We can forgive, but we must not forget: Shashi Tharoor in Edinburgh

Shashi Tharoor

As I mentioned in my last article about confidence, I had the phenomenal opportunity of meeting Indian MP and bestselling author Shashi Tharoor. Students, teachers and visitors from outside the University all attended the lecture, based on Tharoor’s latest book ‘Inglorious Empire: What the British Did to India.’ The politician went viral in 2015 after he gave a speech at the Oxford Union as to whether Britain owed her former colonies reparations. Tharoor, who believed they did (though he does not believe in reparations in the form of money as such, rather a simple acknowledgement of what happened) made a strong case and since then has been lauded as a hero by Indians across the globe. However, many of you will not know who Shashi Tharoor is – and why he’s so important.

Going to school, I hardly learnt anything about the British Empire. We did have a unit in Higher History called ‘Migration and Empire,’ though how little we learnt is astonishing. Hundreds of years of colonial history was boiled down to two columns titled ‘strengths and weaknesses,’ one of the weaknesses being ‘not getting on with the locals’ (if you want to call not getting on with the locals killing at least three million Indians in the Bengal famine – and many more in other famines the British decided to ignore – and a massacre in Amritsar that saw open fire to peaceful protesters.) Tharoor has ignited a debate in Britain, from whether it does owe reparations to her former colonies to the question of why it is being left out of the curriculum.

The fact is, my generation and many before me have little knowledge of the empire. Whether or not you believe it was a benefit is a different issue, but not to know about it at all is dangerous. Why does it matter that we know, you ask? The empire is a pretty significant reason as to why many countries, such as India, are in great poverty today. As Tharoor says, “India is not, as people keep calling it, an underdeveloped country, but rather, in the context of its history and cultural heritage, a highly developed one in an advanced state of decay.” Many people as a result (and no, not just ‘poor people’) have emigrated from their countries and come here because their own homeland cannot give them the good life many British people can have in their native country. In addition, much of these people are well-educated already, including my own Mum who is a Dentist. It is not far-fetched to say that the immigrants you see from post-colonial countries, in short, are here because the British – or whatever other European country colonised their country – were there.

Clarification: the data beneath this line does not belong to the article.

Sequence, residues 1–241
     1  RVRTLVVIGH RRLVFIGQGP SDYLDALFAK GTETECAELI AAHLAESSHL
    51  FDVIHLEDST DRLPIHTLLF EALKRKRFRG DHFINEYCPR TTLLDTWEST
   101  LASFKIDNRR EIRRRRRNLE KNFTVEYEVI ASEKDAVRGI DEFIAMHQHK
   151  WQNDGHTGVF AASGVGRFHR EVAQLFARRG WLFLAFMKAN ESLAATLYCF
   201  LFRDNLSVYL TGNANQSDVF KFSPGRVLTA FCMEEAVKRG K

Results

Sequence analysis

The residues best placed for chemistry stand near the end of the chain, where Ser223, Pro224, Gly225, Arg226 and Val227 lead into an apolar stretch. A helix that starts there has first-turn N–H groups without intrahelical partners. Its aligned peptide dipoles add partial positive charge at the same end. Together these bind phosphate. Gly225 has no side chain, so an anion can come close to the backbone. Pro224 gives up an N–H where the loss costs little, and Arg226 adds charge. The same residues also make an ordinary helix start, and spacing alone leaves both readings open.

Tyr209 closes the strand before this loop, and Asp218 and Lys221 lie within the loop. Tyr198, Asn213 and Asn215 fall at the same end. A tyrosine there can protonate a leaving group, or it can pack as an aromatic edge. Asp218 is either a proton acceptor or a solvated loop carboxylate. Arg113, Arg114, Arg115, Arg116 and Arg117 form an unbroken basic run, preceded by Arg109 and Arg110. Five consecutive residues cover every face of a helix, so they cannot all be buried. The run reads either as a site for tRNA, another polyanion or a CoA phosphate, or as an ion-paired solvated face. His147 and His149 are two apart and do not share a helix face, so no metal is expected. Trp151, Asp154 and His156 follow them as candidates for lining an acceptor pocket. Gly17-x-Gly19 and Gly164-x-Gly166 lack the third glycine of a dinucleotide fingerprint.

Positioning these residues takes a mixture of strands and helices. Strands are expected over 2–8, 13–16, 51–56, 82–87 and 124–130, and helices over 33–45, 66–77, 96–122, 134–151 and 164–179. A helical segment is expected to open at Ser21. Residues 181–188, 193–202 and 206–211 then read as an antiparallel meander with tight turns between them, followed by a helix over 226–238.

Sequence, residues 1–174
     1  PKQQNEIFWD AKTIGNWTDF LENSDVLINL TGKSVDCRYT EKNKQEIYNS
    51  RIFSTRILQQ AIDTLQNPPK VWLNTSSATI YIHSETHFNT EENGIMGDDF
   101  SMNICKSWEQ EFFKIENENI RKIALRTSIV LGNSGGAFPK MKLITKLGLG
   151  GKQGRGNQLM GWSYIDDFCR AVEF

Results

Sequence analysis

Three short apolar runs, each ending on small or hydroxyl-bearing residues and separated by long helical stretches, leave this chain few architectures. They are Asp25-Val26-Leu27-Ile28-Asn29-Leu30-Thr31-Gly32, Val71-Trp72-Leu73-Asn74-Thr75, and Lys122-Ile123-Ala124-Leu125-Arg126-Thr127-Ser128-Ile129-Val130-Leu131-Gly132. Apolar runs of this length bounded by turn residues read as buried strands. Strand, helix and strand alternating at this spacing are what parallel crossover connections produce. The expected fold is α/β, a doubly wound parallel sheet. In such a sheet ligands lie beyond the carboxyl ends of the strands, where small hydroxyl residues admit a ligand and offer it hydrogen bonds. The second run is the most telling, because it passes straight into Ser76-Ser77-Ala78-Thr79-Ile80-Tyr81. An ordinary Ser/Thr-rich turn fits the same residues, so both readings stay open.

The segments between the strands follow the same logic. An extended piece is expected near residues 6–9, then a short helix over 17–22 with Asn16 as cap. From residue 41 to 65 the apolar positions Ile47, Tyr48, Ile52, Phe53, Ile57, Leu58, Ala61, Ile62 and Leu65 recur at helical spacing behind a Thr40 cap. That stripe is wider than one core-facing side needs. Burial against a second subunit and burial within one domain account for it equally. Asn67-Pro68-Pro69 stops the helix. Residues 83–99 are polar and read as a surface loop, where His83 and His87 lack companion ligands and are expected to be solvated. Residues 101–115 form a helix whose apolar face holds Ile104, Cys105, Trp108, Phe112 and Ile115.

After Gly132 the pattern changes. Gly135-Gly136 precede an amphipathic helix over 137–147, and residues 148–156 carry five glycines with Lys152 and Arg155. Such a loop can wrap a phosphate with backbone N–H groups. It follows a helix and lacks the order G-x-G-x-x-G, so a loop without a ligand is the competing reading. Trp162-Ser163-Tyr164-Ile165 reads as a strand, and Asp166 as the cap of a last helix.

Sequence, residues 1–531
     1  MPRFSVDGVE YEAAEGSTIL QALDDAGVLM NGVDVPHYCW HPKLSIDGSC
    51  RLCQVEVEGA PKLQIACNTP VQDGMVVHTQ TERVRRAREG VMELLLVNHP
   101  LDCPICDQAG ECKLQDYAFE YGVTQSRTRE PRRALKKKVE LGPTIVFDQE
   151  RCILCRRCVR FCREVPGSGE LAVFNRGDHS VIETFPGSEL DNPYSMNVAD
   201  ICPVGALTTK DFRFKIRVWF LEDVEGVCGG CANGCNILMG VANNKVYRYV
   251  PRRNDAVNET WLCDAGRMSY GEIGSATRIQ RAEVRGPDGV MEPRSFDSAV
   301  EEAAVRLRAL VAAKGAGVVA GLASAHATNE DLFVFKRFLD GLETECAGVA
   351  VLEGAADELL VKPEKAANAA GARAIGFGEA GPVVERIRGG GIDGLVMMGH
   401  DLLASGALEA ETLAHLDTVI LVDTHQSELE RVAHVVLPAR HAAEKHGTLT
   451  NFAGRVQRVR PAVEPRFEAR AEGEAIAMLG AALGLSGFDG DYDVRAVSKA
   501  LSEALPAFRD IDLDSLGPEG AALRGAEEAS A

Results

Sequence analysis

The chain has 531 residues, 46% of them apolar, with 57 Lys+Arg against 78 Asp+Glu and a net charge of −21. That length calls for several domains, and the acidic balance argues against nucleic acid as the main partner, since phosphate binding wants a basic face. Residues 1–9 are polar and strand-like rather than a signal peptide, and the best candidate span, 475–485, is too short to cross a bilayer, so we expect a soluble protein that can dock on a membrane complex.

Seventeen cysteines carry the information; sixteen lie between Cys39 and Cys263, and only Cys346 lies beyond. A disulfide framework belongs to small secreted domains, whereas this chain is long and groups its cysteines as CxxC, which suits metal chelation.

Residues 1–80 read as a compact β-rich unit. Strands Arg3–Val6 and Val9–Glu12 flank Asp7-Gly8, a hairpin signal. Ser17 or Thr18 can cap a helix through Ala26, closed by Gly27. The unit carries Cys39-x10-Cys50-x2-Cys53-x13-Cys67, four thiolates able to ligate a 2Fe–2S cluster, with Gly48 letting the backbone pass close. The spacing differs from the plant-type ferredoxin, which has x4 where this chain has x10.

Being of Indian heritage myself, I find it astounding and almost insulting that this country has left out a significant part of its history, a part of history that affected millions of people including relatives of my own family. Hearing questions like “does it really matter now” is downright ignorant. Just because Britain is no longer living a harsh post-colonial reality, doesn’t mean her former colonies are not.

Of course, many people will still disagree on whether it still matters – including Indians themselves here and in India (I can’t speak for all of them.) I’m not saying India hasn’t made her own mistakes, because she has. Yet, the state it was left in 1947 was a poor starting point and considering this, I’d say India is doing pretty well: it’s one of the fastest growing economies in the world and an emerging world power; though I think the latter is still far off. I’d urge those who think it no longer has any significance to at least think of the people still living the consequences of the empire in India, Africa and the countless other places that were colonised. So much of the wealth generated from the empire was invested in Britain and of course, can still be seen today in countless buildings and cities: including Dundee which boomed during the First World War because of Jute from India; Glasgow, which was said to be built on the empire’s wealth;  industries such as Tetley tea and Tata Steel (this may be a bad example, now that it is India-owned.) Britain is wealthy largely due to the empire she had.

So what can we do about what Tharoor calls the ‘historical amnesia’ in Britain? Education is pivotal and a great starting point. Teaching children about British colonialism should be just as important as teaching them about World War, World War Two and the Romans is. In Germany, pupils are taught about the country’s ugly history with Nazi rule and the Holocaust. America teaches its children about the slave trade and disgusting treatment of black people. Why should Britain be any different?

Whatever people think of the Empire, one thing is clear; generally, people do not have enough knowledge to make an informed opinion. However much I may be against it myself, I know why I am. As Shashi Tharoor says; we can forgive, but we must never forget.

 

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